Founded in 1981, the Project On Government Oversight (POGO) is a nonpartisan independent watchdog that investigates and exposes waste, corruption, abuse of power, and when the government fails to serve the public or silences those who report wrongdoing. We champion reforms to achieve a more effective, ethical, and accountable federal government that safeguards constitutional principles. We applaud your bipartisan efforts to update the Electoral Count Act to protect the will of the voters and ensure the peaceful transfer of power.
We write to express our strong view that in order to be meaningful, Electoral Count Act reform must protect voters against attempts by state officials as well as federal officials to overturn the results of a presidential election.
An alarming number of political candidates for state offices that have a role in overseeing elections continue to spread lies about the 2020 election, and some have hinted that they would attempt to use their authority to overturn results unfavorable to their party.1 In most cases, these actions would be prohibited by state law or the state constitution. We agree with the principles set forth by the American Law Institute that efforts to disqualify ballots should be subject to judicial review, and that state officials should be bound by the laws in place before election day.2
POGO is concerned about the possibility that a partisan legislature or governor could rewrite state law to allow pretextual refusals to certify an election, or to discount votes from certain cities or towns that tend to favor the opposite party.3 Some state officials have moved to strip state courts of their ability to enforce state constitutions’ voting rights provisions.4 Therefore, Congress must guarantee that courts have the authority to ensure that legally cast ballots in a presidential election are counted, certified, and given effect, not set aside based on false claims of fraud.
Preventing state officials from overturning election results is well within Congress’s constitutional authority.
The Supreme Court has long recognized that Congress has broad regulatory authority over federal elections, including elections for president.5 That authority is at its broadest when Congress is protecting citizens’ equal access to the right to vote. Four separate amendments to the Constitution prohibit states from restricting voting rights based on race (the 15th Amendment), sex (the 19th Amendment), failure to pay a poll tax (the 24th Amendment), or age of all citizens over 18 (the 26th Amendment.) The 14th Amendment’s guarantees of equal protection of the laws, and citizenship to all people born and naturalized in the United States, also apply with special force in voting rights cases.6
All five amendments authorize Congress to pass legislation to enforce their provisions. Congress has done so repeatedly over the years. Many provisions of the voting rights statutes Congress has passed govern the counting and tabulation of votes after they are cast, including but not limited to the following sections of the U.S. Code:
- 52 U.S.C. § 10101, which requires election officials to apply equal standards in evaluating citizens’ eligibility to vote, defining a vote to include “all action necessary to make a vote effective including … having such ballot counted and included in the appropriate totals of votes cast”;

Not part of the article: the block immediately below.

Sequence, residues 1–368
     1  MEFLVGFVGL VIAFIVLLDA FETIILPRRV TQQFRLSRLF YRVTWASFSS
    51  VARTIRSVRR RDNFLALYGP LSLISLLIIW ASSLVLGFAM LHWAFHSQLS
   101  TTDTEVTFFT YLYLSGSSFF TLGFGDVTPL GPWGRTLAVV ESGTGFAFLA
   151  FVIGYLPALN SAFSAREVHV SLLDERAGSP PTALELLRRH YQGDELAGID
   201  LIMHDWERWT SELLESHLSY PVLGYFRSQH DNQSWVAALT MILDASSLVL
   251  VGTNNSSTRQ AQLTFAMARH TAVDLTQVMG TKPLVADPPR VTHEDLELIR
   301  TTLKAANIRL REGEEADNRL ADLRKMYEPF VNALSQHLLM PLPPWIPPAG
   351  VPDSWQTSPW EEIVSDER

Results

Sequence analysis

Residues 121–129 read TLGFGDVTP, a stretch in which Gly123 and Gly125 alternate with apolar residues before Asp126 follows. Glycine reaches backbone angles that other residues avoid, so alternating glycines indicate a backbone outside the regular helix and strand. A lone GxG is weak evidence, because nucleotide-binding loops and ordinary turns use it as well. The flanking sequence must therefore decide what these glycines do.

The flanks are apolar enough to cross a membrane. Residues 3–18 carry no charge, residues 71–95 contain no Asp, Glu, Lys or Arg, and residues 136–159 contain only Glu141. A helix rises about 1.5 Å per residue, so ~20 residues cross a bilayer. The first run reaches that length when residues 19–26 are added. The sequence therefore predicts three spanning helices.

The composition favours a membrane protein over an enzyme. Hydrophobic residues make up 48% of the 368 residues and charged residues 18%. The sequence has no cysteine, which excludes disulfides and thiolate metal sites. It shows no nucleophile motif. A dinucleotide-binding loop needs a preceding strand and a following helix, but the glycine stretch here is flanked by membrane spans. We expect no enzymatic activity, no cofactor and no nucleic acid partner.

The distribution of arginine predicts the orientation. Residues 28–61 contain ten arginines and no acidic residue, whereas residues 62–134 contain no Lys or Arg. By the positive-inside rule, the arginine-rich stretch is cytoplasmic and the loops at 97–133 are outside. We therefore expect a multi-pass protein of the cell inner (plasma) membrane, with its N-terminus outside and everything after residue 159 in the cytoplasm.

- 52 U.S.C. § 10307, which states in part that “no person acting under color of law” can “willfully fail or refuse to tabulate, count, and report” a valid vote;
- 52 U.S.C. § 10308, which imposes criminal penalties for depriving individuals of the right to vote or to have their vote counted, destroying or defacing voting records, or conspiracy to violate or interfere with voting rights;
- 52 U.S.C. § 20511, which makes it a crime to deprive the “residents of a State of a fair and impartially conducted election process,” including by tabulation of fraudulent ballots;
- 52 U.S.C. §§ 20701-705, which require election officers to retain and preserve records of federal elections, that make it a crime to tamper with or destroy election records, and that authorize the attorney general and federal courts to require inspection or production of those records; and
- 52 U.S.C. § 21802, which sets forth requirements for the use of provisional ballots, including a requirement that officials create a mechanism for citizens to determine whether their ballot was counted.
Most of these statutes, though, rely on enforcement by the Justice Department, often through criminal prosecution that could only occur too late to guarantee a fair election. Congress should act to remove any doubt that courts have the authority to hear cases brought by private citizens, and to specifically require that those citizens’ votes be counted, certified, and given effect in presidential elections.
Even during the Jim Crow era, when the equal protection and voting rights amendments went almost entirely unenforced, the Supreme Court upheld Congress’s authority to protect a fair and accurate vote count. In United States v. Mosley, the court upheld the conviction of county officials on federal civil rights charges for refusing to count votes from 11 precincts, stating that “the right to have one’s vote counted is as open to protection by Congress as the right to put a ballot in a box.”7 Congress must act to protect that right, and prevent a stolen presidential election.
Director of The Constitution Project at POGO